Incentive boosts business during pandemic

Growth incentive proves invaluable as hospitality industry suffers

What started as an incentive for growth, turned out to be a shining light in an otherwise bleak time.

The Holiday Inn & Suites and attached Crooked Pint Ale House opened just over three years ago in Sioux Falls. Located across from the Premier Center, it’s convenient for those attending events. Its proximity to the Sioux Falls Regional Airport makes it a popular overnight stop for travelers.  

But like so many others in the hospitality industry, all the conveniences and unique amenities weren’t enough to overcome a pandemic.

“We saw significant growth in 2019,” said Justin Kallas, general manager of the Holiday Inn. “2020 started out the same, then went to zero when COVID-19 shut down travel and events.”

But a growth incentive from their local public power provider ended up providing the boost they needed to help through a tough time.

Pandemic halts business

Typically, the Holiday Inn and Crooked Pint are busiest during the first three months of the year. Several sporting events take place at the Premier Center and nearby Sanford Pentagon during that time.

Located nearby, the Premier Center drives a lot of business to the Holiday Inn and Crooked Pint.

Events drive business for both the hotel and restaurant. Concerts, Stampede hockey games and the Summit League Basketball tournaments are some of the biggest draws.

With over 3,000 square feet of meeting space and onsite catering, the hotel was also seeing a steady stream of business meetings and conferences. Three to five meetings were held per week in 2019 and the same was holding true for 2020.

Then COVID-19 struck.

By mid-March of 2020, state tournaments were cancelled, and concerts postponed. Meetings switched to virtual formats and travel halted. The hospitality industry was hit hard by the pandemic, with business coming to a screeching halt overnight.

It left the Holiday Inn with a lot of open availability. The Crooked Pint closed for most of the first two months of the pandemic.

Even as the city and state tried to resume normal activities, apprehension remained. Large events still weren’t happening, and people were hesitant to travel and stay in hotels. Many opted for dining at home to avoid crowds.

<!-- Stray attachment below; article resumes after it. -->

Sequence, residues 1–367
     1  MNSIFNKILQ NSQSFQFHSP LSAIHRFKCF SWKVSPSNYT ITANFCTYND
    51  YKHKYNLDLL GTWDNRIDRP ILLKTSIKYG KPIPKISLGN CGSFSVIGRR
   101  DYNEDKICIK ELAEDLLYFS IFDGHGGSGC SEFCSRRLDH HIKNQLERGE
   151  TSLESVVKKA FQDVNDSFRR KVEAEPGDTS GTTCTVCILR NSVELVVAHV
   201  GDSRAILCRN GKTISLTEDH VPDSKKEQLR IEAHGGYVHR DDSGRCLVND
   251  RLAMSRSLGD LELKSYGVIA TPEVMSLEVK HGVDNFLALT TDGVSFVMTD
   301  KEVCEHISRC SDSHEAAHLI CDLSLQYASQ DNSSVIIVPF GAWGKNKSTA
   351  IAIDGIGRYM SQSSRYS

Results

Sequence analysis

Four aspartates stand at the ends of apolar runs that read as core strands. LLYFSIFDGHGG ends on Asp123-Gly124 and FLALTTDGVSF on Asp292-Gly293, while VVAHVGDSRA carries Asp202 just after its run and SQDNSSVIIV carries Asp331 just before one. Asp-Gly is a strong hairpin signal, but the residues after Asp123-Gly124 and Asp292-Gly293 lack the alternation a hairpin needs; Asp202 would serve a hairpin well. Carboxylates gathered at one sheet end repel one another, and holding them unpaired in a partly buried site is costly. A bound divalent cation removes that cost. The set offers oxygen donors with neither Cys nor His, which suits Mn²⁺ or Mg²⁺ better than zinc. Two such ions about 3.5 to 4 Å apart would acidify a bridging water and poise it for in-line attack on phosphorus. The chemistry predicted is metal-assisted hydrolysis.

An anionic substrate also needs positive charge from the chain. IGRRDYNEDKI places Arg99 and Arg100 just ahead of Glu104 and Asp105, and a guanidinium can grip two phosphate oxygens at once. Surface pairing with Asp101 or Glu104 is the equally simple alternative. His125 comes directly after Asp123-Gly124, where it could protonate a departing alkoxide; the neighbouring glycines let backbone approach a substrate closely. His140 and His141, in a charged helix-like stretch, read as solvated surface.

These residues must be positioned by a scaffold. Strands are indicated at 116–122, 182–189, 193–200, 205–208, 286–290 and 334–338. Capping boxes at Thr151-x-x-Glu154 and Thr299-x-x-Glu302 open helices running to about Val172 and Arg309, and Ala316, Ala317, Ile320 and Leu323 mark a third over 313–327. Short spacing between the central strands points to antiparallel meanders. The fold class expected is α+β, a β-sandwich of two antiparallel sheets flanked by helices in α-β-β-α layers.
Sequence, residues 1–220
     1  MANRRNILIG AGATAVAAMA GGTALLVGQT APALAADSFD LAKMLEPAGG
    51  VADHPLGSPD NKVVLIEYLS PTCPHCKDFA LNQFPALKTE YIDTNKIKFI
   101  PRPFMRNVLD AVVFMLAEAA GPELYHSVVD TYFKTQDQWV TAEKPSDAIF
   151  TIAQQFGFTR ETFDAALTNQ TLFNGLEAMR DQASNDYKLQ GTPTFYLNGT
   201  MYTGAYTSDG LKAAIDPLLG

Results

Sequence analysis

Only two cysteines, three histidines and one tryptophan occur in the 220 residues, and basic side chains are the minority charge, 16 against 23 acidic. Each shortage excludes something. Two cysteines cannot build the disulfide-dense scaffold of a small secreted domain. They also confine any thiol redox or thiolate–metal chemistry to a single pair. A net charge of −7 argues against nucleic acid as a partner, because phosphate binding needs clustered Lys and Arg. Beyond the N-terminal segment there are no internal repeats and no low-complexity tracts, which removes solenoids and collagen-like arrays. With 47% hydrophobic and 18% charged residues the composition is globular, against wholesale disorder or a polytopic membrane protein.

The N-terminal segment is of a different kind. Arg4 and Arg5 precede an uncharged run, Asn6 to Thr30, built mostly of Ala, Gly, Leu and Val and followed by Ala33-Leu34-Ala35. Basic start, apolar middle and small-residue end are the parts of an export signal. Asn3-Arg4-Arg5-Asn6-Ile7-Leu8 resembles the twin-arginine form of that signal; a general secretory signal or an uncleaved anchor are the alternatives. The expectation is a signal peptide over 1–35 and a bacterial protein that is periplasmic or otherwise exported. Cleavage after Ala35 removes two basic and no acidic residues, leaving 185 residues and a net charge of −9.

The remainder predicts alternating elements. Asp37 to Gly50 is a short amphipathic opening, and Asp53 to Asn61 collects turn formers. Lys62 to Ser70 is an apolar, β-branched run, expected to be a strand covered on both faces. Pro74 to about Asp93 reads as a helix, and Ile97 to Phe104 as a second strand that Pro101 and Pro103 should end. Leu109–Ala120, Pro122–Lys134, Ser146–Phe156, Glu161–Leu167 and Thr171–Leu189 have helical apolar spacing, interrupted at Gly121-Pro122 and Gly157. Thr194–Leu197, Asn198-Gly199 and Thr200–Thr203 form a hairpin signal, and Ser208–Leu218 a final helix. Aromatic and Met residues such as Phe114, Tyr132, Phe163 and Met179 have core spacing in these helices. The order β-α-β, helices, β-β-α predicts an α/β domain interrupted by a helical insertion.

Incentive proves invaluable

An economic development incentive designed to promote growth ended up offering a much-needed boost during the pandemic.

The City of Sioux Falls Light Division provides power to the Holiday Inn and Crooked Pint. Through Heartland, their wholesale power supplier, the city signed the businesses up for a growth incentive program upon commencing operations.

Heartland offers incentives to help customer communities, including Sioux Falls, promote growth and attract new businesses.

“Partnering with Heartland allows us to not only attract new businesses to Sioux Falls, but support them once they are here,” said Jerry Jongeling, Sioux Falls Traffic, Light and Power Superintendent. “The Holiday Inn and Crooked Pint are unique and vital additions to the city, and we are proud to play a role in supporting their successes.”

Elmwood Hospitality, which owns the Holiday Inn and Crooked Pint, qualified for over $116,000 in rebates in its first three years of operation. From left to right, Heartland Director of Economic Development Casey Crabtree, Customer Relations Manager Kelly Dybdahl and Sioux Falls Traffic, Light and Power Superintendent Jerry Jongeling presented the rebates to Holiday Inn General Manager Justin Kallas.

The growth incentive program offers rebates to new businesses on electric power bills for the first three years of operation. With a certain percentage rebated each year, it equates to one year’s worth of free power.

“The idea behind the growth incentives is to help new businesses get a handle on their electric bills during the first few years of operation,” said Heartland Director of Economic Development Casey Crabtree. “It allows them a little breathing room in order to focus on other aspects of the business during those startup years.”

In this case, the rebate strengthened the bottom line during an uncertain time.

“Our industry was hit so hard by this pandemic,” said Kallas. “This rebate helped keep our staff busy and bolstered marketing efforts to attract future patrons.”

Elmwood Hospitality, which owns both the Holiday Inn and Crooked Pint, ended up with rebates totaling over $116,000 over the three-year period.

“It was great seeing those savings in the beginning as we were getting off the ground,” added Kallas. “It was even better when business slowed because of COVID-19. It provided some relief.”

Promoting unique features

While business has picked up with the re-introduction of events at the Premier Center and travel starting to take place again, the group is looking for unique ways to attract patrons.

The hotel is also a popular spot for golf enthusiasts as it overlooks Elmwood Golf Course. The hotel offers stay and play packages for those looking to hit the course. Plus, the hotel is home to the South Dakota Golf Association Hall of Fame.

While they are still feeling the effects of COVID-19, events are starting up again, and fans are returning to enjoy the amenities. They are also seeing an uptick in corporate travel and events.

“There is no other restaurant like the Crooked Pint in Sioux Falls,” Kallas said. “The hotel has fabulous views of Elmwood Golf Course and the airport. We are excited to be welcoming visitors and doing everything possible to ensure they have an enjoyable, safe stay.”

Feature photo courtesy IHG